Abstract The three living species of manatees, West Indian (Trichechus manatus), Amazonian (Trichechus inunguis) and West African (Trichechus senegalensis), are distributed across the shallow tropical and subtropical waters of America and the western coast of Africa. We have sequenced the mitochondrial DNA control region in 330 Trichechus to compare their phylogeographic patterns. In T. manatus we observed a marked population structure with the identification of three haplotype clusters showing a distinct spatial distribution. A geographic barrier represented by the continuity of the Lesser Antilles to Trinidad Island, near the mouth of the Orinoco River in Venezuela, appears to have restricted the gene flow historically in T. manatus. However, for T. inunguis we observed a single expanding population cluster, with a high diversity of very closely related haplotypes. A marked geographic population structure is likely present in T. senegalensis with at least two distinct clusters. Phylogenetic analyses with the mtDNA cytochrome b gene suggest a clade of the marine Trichechus species, with T. inunguis as the most basal trichechid. This is in agreement with previous morphological analyses. Mitochondrial DNA, autosomal microsatellites and cytogenetic analyses revealed the presence of hybrids between the T. manatus and T. inunguis species at the mouth of the Amazon River in Brazil, extending to the Guyanas and probably as far as the mouth of the Orinoco River. Future conservation strategies should consider the distinct population structure of manatee species, as well as the historical barriers to gene flow and the likely occurrence of interspecific hybridization. [source]

    Rangewide population genetic structure of the African malaria vector Anopheles funestus

    MOLECULAR ECOLOGY, Issue 14 2005
    A. P. MICHEL
    Abstract Anopheles funestus is a primary vector of malaria in Africa south of the Sahara. We assessed its rangewide population genetic structure based on samples from 11 countries, using 10 physically mapped microsatellite loci, two per autosome arm and the X (N = 548), and 834 bp of the mitochondrial ND5 gene (N = 470). On the basis of microsatellite allele frequencies, we found three subdivisions: eastern (coastal Tanzania, Malawi, Mozambique and Madagascar), western (Burkina Faso, Mali, Nigeria and western Kenya), and central (Gabon, coastal Angola). A. funestus from the southwest of Uganda had affinities to all three subdivisions. Mitochondrial DNA (mtDNA) corroborated this structure, although mtDNA gene trees showed less resolution. The eastern subdivision had significantly lower diversity, similar to the pattern found in the codistributed malaria vector Anopheles gambiae. This suggests that both species have responded to common geographic and/or climatic constraints. The western division showed signatures of population expansion encompassing Kenya west of the Rift Valley through Burkina Faso and Mali. This pattern also bears similarity to A. gambiae, and may reflect a common response to expanding human populations following the development of agriculture. Due to the presumed recent population expansion, the correlation between genetic and geographic distance was weak. Mitochondrial DNA revealed further cryptic subdivision in A. funestus, not detected in the nuclear genome. Mozambique and Madagascar samples contained two mtDNA lineages, designated clade I and clade II, that were separated by two fixed differences and an average of 2% divergence, which implies that they have evolved independently for ,1 million years. Clade I was found in all 11 locations, whereas clade II was sampled only on Madagascar and Mozambique. We suggest that the latter clade may represent mtDNA capture by A. funestus, resulting from historical gene flow either among previously isolated and divergent populations or with a related species. [source]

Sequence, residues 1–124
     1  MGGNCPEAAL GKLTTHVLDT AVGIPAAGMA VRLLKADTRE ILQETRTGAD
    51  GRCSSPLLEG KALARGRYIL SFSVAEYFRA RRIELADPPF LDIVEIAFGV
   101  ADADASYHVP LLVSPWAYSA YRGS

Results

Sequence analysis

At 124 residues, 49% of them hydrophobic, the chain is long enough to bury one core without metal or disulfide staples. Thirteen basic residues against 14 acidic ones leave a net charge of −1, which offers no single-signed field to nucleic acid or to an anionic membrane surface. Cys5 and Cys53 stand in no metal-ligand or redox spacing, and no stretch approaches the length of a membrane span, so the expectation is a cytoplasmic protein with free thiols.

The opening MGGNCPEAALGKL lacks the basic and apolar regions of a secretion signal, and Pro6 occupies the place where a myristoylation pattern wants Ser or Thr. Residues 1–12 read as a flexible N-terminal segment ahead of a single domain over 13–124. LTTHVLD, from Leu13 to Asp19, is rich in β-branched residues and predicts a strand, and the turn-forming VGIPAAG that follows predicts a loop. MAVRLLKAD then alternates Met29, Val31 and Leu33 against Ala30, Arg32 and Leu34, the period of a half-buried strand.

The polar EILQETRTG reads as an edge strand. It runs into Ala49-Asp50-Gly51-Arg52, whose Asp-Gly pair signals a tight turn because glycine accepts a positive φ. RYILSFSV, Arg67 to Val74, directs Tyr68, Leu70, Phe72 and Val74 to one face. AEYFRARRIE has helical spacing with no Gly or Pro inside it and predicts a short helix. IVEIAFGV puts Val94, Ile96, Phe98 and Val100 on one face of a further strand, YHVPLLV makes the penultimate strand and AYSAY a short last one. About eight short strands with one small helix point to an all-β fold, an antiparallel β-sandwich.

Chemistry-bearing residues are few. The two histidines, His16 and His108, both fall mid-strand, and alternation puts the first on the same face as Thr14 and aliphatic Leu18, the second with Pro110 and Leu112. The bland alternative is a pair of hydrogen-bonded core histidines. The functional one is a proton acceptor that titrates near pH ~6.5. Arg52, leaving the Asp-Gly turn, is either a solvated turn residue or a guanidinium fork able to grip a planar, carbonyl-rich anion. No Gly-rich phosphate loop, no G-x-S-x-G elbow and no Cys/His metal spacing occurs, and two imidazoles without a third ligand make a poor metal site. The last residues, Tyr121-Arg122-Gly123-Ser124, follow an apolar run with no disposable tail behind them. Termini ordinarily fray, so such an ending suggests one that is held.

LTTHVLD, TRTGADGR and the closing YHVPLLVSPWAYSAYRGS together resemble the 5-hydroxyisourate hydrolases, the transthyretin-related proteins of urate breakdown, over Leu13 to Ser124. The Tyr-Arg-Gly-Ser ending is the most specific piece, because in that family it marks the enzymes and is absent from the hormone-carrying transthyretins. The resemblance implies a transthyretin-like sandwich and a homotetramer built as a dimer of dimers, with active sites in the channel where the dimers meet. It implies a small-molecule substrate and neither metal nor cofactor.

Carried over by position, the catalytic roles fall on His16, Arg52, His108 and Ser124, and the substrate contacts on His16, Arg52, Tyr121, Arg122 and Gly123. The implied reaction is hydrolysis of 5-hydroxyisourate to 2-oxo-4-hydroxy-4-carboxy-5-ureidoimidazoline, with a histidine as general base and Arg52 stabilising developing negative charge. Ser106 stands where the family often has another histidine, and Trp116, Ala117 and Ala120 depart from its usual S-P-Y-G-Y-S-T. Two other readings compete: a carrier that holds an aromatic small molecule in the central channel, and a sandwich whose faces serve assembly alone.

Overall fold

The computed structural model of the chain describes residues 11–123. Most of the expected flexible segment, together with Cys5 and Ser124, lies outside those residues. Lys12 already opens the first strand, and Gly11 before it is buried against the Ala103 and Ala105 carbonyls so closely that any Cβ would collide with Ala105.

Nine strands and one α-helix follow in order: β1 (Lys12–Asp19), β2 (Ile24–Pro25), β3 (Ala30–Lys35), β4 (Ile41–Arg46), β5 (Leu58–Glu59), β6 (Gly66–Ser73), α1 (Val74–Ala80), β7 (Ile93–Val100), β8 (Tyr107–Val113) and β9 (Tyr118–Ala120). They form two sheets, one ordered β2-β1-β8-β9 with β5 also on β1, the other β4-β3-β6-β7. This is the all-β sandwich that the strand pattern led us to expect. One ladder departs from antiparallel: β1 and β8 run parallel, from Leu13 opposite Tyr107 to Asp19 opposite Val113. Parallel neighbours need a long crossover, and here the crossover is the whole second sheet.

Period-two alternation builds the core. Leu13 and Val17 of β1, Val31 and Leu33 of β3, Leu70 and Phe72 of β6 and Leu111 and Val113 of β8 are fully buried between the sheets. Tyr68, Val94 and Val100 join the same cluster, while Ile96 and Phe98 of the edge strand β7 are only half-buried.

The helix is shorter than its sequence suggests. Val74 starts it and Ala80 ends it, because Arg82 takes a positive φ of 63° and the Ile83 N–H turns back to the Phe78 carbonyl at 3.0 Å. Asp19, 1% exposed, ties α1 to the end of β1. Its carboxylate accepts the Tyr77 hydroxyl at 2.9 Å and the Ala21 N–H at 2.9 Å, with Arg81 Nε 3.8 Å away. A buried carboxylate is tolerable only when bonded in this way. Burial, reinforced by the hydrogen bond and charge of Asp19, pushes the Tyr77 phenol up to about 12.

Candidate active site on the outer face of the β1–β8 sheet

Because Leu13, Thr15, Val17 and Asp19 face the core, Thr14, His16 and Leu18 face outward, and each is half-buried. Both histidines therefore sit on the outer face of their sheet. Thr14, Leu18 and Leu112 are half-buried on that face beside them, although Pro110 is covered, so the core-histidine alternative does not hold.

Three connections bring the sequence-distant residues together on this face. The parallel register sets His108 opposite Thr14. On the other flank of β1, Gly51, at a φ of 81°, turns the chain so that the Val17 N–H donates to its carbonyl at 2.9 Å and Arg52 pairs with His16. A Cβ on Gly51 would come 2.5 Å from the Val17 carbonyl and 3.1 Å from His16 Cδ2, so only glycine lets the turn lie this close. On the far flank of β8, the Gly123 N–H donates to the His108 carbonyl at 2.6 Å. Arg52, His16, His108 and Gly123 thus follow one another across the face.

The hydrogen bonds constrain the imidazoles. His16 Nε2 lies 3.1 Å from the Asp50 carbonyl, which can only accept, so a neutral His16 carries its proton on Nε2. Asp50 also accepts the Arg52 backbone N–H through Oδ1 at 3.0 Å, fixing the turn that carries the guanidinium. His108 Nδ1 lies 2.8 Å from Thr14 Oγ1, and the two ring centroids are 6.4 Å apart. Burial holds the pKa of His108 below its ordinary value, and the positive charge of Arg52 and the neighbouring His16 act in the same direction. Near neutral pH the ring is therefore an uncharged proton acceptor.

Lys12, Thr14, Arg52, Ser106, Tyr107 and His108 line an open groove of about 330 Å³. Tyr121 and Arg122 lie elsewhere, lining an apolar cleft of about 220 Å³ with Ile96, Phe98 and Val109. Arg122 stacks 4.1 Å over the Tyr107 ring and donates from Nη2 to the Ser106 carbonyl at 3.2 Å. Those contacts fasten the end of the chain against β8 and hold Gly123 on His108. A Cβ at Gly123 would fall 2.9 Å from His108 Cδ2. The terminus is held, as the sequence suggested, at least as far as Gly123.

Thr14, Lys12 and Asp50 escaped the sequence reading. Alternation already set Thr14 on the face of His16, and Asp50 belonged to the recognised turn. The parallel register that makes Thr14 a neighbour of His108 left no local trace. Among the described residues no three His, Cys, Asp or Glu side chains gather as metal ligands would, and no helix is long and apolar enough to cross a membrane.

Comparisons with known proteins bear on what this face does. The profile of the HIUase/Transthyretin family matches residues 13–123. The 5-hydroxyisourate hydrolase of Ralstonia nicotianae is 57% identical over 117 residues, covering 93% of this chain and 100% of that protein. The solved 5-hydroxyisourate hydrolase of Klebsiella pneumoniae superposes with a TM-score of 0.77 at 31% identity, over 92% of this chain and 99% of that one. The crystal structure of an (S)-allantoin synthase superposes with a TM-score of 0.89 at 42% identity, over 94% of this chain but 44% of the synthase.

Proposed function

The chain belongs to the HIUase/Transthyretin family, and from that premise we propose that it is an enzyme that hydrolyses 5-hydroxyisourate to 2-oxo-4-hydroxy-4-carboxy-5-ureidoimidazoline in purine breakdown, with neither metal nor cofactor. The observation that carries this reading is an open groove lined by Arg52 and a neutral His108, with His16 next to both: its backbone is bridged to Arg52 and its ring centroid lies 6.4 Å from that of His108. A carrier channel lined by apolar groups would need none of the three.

Mitochondrial DNA and microsatellite variation in the eider duck (Somateria mollissima) indicate stepwise postglacial colonization of Europe and limited current long-distance dispersal

    MOLECULAR ECOLOGY, Issue 6 2004